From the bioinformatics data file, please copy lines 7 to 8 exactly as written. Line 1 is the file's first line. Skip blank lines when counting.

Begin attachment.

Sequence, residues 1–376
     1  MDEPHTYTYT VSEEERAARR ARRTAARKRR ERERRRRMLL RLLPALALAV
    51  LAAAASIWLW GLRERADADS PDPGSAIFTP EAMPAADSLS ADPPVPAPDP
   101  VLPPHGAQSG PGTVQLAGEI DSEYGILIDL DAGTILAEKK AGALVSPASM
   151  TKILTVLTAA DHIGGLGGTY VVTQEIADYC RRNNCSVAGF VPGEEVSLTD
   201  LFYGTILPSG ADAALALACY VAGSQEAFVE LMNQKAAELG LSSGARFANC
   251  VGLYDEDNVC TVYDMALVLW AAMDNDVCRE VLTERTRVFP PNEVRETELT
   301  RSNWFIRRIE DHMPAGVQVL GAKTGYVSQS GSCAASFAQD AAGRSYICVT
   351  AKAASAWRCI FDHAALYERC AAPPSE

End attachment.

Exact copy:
   251  VGLYDEDNVC TVYDMALVLW AAMDNDVCRE VLTERTRVFP PNEVRETELT
   301  RSNWFIRRIE DHMPAGVQVL GAKTGYVSQS GSCAASFAQD AAGRSYICVT